That may be so, but this is just a special case of the more general principle that computers can be made of pretty much anything, as long as they can process information. Also, “emotions” is a big word that can easily be misunderstood to imply subjective experiences—but studying hardware cannot tell you anything about subjective experiences because they’re abstract, not material. The rest of that paragraph is basically made of long, impressive-sounding sentences meant to support their point above.
Birds appear to offer, in their behavior, neurophysiology, and neuroanatomy a striking case of parallel evolution of consciousness. Evidence of near human-like levels of consciousness has been most dramatically observed in African grey parrots. Mammalian and avian emotional networks and cognitive microcircuitries appear to be far more homologous than previously thought. Moreover, certain species of birds have been found to exhibit neural sleep patterns similar to those of mammals, including REM sleep and, as was demonstrated in zebra finches, neurophysiological patterns, previously thought to require a mammalian neocortex. Magpies in particular have been shown to exhibit striking similarities to humans, great apes, dolphins, and elephants in studies of mirror self-recognition.
Now, I don’t know what magpies are, but this is the mistake I mentioned in the first bullet point at the beginning of this post. They’re blurring the lines between smarts and intelligence. That isn’t just wordplay on my part—these really are distinct concepts, and one does not imply the other.
Why would a similarity in sleep patterns between birds and mammals say anything about either one of them being conscious? They don’t say—it’s just an implied assertion. Same goes for similarities to humans, in particular.
Considering self-recognition as evidence of consciousness is a widespread mistake. David Deutsch recently issued a neat challenge after what feels like the millionth researcher claimed that animal x is conscious because it seems to recognize itself in the mirror:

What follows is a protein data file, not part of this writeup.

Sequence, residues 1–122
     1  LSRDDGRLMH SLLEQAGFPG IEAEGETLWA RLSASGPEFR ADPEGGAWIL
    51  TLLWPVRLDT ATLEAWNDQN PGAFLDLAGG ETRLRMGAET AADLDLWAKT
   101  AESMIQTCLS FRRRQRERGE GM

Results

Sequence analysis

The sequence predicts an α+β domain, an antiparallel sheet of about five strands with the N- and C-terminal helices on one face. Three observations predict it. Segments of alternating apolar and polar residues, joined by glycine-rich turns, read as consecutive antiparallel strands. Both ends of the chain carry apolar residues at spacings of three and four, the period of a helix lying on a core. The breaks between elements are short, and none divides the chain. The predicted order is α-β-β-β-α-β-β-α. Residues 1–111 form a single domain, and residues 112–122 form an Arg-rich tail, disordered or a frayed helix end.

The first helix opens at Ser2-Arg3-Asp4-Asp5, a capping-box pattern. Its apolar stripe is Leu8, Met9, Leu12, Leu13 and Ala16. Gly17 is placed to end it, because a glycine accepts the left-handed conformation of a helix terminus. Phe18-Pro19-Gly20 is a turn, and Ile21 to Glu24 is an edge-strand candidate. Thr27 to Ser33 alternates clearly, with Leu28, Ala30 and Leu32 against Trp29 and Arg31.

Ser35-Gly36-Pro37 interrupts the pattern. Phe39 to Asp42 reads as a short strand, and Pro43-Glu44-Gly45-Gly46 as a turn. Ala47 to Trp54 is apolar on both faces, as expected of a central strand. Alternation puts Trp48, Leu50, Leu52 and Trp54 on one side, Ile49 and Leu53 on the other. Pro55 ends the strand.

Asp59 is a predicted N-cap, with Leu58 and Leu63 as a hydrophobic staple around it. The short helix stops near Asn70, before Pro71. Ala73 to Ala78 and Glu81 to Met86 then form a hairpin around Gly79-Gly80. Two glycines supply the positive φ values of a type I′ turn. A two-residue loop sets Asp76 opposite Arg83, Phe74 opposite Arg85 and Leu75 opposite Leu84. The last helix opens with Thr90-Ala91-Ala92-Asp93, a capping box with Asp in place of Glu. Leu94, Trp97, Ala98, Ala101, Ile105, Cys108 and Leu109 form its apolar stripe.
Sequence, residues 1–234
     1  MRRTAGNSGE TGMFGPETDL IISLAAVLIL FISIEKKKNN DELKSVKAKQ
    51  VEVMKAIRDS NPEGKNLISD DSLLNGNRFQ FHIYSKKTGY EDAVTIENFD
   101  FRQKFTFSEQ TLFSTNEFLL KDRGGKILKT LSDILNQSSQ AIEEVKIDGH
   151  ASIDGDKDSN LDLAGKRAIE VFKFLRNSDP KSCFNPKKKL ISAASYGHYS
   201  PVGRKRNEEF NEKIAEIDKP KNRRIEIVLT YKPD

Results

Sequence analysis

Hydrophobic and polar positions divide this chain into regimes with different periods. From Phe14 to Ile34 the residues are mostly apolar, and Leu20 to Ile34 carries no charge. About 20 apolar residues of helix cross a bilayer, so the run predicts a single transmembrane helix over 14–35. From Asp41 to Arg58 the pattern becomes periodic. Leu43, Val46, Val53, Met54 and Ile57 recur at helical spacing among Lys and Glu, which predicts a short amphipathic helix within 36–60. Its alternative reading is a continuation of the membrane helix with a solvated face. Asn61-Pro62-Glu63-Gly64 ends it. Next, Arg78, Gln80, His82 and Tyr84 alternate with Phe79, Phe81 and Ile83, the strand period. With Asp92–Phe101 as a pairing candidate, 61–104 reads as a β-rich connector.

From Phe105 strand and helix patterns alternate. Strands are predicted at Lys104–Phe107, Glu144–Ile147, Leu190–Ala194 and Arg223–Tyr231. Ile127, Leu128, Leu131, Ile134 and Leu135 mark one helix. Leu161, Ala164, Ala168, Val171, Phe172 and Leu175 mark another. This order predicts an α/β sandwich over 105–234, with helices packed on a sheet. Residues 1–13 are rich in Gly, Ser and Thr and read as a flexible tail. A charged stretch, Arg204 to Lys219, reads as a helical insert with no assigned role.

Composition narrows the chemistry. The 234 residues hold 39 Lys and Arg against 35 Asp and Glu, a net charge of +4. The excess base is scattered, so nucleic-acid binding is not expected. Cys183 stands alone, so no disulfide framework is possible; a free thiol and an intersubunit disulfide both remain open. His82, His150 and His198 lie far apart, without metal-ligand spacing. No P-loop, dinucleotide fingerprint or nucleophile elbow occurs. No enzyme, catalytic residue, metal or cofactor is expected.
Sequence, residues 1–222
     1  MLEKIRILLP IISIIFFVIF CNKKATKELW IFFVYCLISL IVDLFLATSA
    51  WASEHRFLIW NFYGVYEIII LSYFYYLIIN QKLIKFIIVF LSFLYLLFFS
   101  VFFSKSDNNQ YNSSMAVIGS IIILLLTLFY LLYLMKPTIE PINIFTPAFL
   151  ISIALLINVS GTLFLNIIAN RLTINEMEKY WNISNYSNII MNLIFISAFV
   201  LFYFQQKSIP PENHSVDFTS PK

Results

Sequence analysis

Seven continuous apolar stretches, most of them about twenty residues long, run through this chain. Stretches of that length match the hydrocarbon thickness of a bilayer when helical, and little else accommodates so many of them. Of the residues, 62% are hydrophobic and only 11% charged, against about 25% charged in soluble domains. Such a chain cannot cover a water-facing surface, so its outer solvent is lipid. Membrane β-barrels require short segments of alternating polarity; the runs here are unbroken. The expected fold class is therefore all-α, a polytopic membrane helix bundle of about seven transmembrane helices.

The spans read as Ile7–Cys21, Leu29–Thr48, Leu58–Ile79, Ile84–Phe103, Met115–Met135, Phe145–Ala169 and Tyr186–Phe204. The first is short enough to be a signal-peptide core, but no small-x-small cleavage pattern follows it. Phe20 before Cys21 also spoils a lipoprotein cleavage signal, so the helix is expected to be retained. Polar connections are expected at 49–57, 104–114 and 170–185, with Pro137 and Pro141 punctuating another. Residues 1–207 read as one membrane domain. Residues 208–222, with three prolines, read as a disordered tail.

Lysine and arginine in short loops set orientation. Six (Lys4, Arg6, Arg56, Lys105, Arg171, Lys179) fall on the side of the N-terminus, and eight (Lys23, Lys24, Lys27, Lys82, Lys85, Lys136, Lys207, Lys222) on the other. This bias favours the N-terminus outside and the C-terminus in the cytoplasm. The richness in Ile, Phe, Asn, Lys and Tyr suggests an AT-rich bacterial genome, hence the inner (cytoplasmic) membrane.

Someone please write a smartphone app that recognises itself in the mirror.— David Deutsch (@DavidDeutschOxf) March 19, 2021
And when it does, yells triumphantly that it is self-aware. https://t.co/doBCgNnfKw
Well, I met the challenge and wrote such an app. I can assure you that it isn’t conscious, even though it is quite capable of recognizing the device it runs once you point it at a mirror.
Deutsch rightly points out that self-recognition has nothing to do with consciousness. The underlying mistake is the fudging of smarts and intelligence: self-recognition no doubt takes a sophisticated algorithm, but biological evolution may well have endowed animals (horses in this case) with such an algorithm. Horses then execute it mindlessly, just like my app, which I endowed with the algorithm. In the horse’s case, it was biological evolution that created the knowledge; in the app’s case, it was me. It wasn’t the horse and it wasn’t the app. But people really do create their own shape-recognition algorithms (and almost all their other knowledge), and that creative ability is what makes them conscious.
In humans, the effect of certain hallucinogens appears to be associated with a disruption in cortical feedforward and feedback processing. Pharmacological interventions in non-human animals with compounds known to affect conscious behavior in humans can lead to similar perturbations in behavior in non-human animals.
In humans, there is evidence to suggest that awareness is correlated with cortical activity […]
See my comment above on parallelism. The evidence they speak of is not, in fact, evidence.
The last paragraph reads:
We declare the following: “The absence of a neocortex does not appear to preclude an organism from experiencing affective states. Convergent evidence indicates that non-human animals have the neuroanatomical, neurochemical, and neurophysiological substrates of conscious states along with the capacity to exhibit intentional behaviors. Consequently, the weight of evidence indicates that humans are not unique in possessing the neurological substrates that generate consciousness. Nonhuman animals, including all mammals and birds, and many other creatures, including octopuses, also possess these neurological substrates.”